Skin perforations: In isolated cases, aggressive or improper treatment may cause perforations in the skin or internal organs.
Thermal injury: Some patients experience "liposuction burn", or thermal injury as a result of overly harsh cannula usage.
Complications from anesthesia: A small percentage of patients have an allergic reaction to the anesthetic used during the procedure.
Fat embolism: This can occur if loose fat enters the bloodstream and blocks the flow of blood.
While these complications are rare, the ASPS notes that the level of risk increases with the number of areas that are treated in addition to the total volume of fat extracted. This is why a plastic surgeon may limit the total number of areas treated during a single session.
You can expect to lose two to five pounds on the day of your liposuction procedure.
If you had expected to lose more weight with liposuction, please remember that the procedure’s primary goal is to improve the body's contours. Liposuction is not designed to achieve massive weight loss. If your primary goal is to lose a large amount of weight quickly, there are other methods you may want to consider, and a weight loss physician will be able to advise you.
The majority of people who seek liposuction are approved to receive the procedure—however, some people are better candidates for liposuction than others. Everyone is different, so this usually has to do with the risks involved and whether or not the treatment can help an individual to achieve their goals. In isolated cases, a surgeon may refuse to carry out the procedure because the person is not a good candidate.
You are in good physical health. Non-smokers without medical conditions are good candidates.
You are not obese. Liposuction tends to yield better results when patients are within 30% of their healthy weight.
Your treatment goals are realistic. You realize that liposuction is not a magic bullet that will deliver massive weight loss.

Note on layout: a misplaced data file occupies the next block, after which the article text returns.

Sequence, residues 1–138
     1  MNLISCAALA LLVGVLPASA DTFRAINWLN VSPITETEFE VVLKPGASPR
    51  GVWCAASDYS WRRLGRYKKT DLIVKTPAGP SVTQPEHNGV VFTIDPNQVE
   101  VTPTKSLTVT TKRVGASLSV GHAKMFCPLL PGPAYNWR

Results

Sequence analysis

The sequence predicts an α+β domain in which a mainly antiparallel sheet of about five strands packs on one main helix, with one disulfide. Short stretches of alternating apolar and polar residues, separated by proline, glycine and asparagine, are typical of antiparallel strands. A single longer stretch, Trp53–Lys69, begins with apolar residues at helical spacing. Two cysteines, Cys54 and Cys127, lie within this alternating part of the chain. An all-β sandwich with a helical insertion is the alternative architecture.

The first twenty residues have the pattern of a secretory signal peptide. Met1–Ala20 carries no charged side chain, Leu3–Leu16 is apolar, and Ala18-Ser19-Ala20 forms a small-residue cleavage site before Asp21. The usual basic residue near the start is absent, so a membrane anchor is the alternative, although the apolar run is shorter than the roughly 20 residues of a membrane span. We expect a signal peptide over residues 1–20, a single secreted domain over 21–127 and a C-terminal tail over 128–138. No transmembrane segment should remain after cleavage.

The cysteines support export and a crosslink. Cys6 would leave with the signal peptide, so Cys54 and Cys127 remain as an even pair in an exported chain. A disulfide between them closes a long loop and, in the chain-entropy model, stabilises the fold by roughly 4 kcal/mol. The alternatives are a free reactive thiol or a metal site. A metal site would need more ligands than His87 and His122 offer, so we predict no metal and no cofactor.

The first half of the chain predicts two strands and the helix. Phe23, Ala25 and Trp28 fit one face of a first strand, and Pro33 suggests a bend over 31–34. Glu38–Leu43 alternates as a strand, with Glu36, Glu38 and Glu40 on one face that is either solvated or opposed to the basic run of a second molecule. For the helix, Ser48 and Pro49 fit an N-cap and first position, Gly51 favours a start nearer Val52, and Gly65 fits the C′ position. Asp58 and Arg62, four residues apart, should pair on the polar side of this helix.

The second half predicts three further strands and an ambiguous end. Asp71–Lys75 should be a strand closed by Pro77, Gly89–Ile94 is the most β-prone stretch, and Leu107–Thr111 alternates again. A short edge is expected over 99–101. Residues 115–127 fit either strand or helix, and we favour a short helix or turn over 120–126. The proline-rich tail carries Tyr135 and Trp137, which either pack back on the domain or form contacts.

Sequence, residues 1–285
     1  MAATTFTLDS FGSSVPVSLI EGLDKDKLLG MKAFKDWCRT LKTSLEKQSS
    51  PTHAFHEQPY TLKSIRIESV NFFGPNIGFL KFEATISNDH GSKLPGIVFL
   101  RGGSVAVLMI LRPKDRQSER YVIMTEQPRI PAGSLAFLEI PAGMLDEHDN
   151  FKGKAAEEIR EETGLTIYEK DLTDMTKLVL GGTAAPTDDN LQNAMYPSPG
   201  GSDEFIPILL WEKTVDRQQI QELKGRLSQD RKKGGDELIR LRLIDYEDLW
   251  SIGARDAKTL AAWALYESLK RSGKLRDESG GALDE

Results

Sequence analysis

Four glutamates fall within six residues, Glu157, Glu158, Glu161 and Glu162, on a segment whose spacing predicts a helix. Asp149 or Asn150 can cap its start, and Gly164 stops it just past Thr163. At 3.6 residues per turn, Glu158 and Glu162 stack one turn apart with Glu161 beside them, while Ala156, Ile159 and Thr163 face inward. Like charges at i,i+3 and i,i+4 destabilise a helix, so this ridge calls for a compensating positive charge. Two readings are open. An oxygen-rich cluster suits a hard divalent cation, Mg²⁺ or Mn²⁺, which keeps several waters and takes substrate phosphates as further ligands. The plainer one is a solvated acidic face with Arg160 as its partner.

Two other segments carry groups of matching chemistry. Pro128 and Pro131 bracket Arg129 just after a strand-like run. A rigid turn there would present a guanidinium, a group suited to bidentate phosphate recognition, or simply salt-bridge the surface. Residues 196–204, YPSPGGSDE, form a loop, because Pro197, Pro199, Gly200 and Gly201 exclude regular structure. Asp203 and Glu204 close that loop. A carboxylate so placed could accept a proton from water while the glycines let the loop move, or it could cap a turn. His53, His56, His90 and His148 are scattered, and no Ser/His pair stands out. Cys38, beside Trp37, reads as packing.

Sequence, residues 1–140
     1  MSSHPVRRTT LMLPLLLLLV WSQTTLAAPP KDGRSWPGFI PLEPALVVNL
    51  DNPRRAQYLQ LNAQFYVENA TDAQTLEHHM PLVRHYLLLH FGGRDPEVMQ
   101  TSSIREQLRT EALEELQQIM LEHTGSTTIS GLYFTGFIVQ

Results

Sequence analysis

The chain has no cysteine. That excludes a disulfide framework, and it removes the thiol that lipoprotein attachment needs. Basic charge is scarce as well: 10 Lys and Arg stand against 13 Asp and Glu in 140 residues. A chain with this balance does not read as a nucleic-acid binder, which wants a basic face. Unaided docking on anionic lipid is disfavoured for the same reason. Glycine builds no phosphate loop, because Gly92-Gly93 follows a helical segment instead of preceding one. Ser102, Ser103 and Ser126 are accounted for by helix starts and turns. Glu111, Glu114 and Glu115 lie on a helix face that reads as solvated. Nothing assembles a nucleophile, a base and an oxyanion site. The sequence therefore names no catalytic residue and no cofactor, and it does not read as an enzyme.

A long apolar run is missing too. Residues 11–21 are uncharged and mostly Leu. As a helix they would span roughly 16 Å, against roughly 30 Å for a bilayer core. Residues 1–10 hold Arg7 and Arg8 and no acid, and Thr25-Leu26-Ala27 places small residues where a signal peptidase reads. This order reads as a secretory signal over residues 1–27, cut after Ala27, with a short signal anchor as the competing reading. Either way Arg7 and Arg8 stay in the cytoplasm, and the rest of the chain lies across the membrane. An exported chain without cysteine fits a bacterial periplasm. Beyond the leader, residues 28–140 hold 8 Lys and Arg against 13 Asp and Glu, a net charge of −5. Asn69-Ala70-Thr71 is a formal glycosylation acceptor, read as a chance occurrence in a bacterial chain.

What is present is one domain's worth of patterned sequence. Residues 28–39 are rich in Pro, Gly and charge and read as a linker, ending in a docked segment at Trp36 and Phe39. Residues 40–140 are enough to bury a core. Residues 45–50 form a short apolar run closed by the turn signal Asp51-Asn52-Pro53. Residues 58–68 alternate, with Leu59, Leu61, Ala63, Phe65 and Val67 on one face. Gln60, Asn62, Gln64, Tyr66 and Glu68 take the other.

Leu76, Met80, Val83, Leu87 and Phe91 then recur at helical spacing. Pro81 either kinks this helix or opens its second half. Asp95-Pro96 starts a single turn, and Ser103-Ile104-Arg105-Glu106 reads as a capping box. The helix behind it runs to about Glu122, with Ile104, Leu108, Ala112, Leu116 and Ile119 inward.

You have a healthy lifestyle. People who follow a healthy diet and exercise regularly are good candidates.
Your skin elasticity is excellent. This means your skin can stretch and then return to its original form quickly.
You have time to recover. Recovering from liposuction takes time. Most people need one to two weeks to recover before returning to work.
A liposuction consultation is the initial meeting you will have with your liposuction doctor. The meeting’s main objective is to determine whether you are a good candidate for the procedure. Your doctor will assess your current physical health and examine your medical history. You can expect to be asked a series of questions about any past surgeries, medications, allergies, and any current health conditions.
The consultation is important because it offers you the chance to speak to your doctor directly about your treatment goals and expectations. It is the perfect time to ask questions, share concerns, and talk through any reservations you may have about the procedure itself or the recovery process. It's a good idea to make a list of any questions you have before heading to your consultation so that you can maximize your time.
You might be an ideal candidate for liposuction, but if you don’t select a qualified liposuction doctor with a proven track record of success, you may be disappointed with your results.
Before you move forward with your procedure, be sure to check the surgeon’s qualifications to ensure they have the proper education and experience to perform your procedure. While any licensed physician may legally offer liposuction, look for doctors who have the following specific qualifications³:
Extensive hands-on training in liposuction techniques
The ability to diagnose and treat cardiovascular problems should they arise
Comprehensive training on minimizing the risk of infection
Finally, it's always a good idea to request references and contact them. Proceed with care and take the time to educate yourself about the procedure. This way, you can shorten your recovery time and achieve the results you want.
Most Patients are Happy with Liposuction, Despite Fat Return | MedPage Today
Practice Advisory on Liposuction: Executive Summary | American Society of Plastic Surgeons
FAQ: Qualifications of Surgeons | Liposuction.com